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alex28

The Platform (2019)

A vertical prison with one cell per level. Two people per cell. One only food platform and two minutes per day to feed from up to down. An endless nightmare trapped in The Hole

 

 


Changing the world. One subtitle at a time.

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Vultural

I Am Mother - 2019 - 6/10

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Mother and Daughter share a moment.
Young girl is raised from embryo to teen by protective android.
What I thought was a vast spacecraft turned out to be a heavily secured installation.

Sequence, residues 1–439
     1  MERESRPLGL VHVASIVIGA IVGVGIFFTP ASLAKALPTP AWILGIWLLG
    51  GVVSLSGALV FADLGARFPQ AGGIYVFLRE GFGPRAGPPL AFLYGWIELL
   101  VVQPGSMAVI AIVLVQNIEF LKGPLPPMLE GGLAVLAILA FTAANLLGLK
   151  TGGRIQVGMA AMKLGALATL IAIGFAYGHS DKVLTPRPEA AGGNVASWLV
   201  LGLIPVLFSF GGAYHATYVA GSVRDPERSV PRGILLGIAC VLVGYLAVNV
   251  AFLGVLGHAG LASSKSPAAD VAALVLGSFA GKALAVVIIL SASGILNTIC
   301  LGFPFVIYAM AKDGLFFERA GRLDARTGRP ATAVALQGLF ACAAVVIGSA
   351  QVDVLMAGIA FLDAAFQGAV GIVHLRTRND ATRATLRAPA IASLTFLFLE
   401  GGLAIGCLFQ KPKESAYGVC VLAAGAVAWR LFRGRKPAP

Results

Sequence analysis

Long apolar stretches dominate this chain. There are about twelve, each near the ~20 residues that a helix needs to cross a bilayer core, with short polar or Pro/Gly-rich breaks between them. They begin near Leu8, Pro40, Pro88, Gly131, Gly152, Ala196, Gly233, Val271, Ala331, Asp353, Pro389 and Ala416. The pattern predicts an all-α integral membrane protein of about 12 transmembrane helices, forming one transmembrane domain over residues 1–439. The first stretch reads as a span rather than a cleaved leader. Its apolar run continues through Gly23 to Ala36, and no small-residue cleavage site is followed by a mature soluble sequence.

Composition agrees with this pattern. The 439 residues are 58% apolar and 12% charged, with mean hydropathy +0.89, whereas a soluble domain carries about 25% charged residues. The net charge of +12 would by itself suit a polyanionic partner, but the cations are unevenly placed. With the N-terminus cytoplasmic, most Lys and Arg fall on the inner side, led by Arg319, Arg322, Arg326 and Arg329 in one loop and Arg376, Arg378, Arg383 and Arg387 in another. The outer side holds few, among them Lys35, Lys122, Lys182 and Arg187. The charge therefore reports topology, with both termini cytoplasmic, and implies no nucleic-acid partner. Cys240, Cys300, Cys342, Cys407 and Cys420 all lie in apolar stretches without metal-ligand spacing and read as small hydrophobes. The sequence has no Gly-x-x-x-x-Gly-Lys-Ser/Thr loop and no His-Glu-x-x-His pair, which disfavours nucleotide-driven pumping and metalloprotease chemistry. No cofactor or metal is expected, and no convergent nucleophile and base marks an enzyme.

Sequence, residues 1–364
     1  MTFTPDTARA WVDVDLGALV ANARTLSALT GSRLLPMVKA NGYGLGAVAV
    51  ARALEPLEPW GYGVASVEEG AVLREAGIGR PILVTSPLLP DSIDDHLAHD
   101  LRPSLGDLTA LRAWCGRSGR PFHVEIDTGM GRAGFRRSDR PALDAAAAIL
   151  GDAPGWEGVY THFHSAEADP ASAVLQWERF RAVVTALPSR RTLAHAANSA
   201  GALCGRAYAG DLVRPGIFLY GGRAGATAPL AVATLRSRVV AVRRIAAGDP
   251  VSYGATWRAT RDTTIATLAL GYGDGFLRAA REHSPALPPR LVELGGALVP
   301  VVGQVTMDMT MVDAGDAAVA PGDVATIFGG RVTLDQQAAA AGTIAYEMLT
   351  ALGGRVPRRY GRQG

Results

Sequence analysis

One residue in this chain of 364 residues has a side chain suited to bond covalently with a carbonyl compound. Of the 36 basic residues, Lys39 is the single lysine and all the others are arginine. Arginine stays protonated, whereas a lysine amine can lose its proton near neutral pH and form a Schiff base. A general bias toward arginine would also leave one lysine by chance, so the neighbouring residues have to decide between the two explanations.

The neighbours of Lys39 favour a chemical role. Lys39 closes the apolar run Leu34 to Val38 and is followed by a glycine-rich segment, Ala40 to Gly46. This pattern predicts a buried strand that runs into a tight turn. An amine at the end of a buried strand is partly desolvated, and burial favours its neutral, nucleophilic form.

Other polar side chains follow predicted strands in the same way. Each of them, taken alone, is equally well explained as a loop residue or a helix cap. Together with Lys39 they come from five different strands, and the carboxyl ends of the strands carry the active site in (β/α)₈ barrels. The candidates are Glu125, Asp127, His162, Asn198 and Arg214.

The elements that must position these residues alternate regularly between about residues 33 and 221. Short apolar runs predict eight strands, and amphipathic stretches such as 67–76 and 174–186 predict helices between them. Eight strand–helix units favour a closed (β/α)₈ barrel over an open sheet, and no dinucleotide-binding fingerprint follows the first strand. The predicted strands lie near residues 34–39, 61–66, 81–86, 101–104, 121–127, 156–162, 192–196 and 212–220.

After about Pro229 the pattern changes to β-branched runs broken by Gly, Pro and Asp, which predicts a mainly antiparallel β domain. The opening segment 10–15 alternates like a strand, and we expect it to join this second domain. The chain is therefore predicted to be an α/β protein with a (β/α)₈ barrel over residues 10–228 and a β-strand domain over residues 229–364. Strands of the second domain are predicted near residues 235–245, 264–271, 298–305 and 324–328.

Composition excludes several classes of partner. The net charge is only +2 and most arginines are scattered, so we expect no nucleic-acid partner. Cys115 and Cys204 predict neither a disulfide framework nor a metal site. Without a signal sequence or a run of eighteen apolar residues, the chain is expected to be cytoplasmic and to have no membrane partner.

You realize this once intruders arrive.  A rodent, then a wounded female human.
The woman tells of the world outside, and her version conflicts with Mother’s.
Trust is delicate, at any age, and the girl is a young teen.
The fresh voice, the whisperer, beckons, casting viewers into the daughter’s role.
Wondering who to believe.


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Vultural

Vagabond - 1985 -  7/10
AKA - Sans Toit Ni Loi

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The freedom of the road.
Midwinter.  The young female drifts into the country region, unwashed, clearly broke.
She sets up her tent wherever, one time in a graveyard, or sneaks into abandoned houses.
Men, she’ll tag along with, until the reefer is gone, or she tires of them.
From time to time, someone will help her out.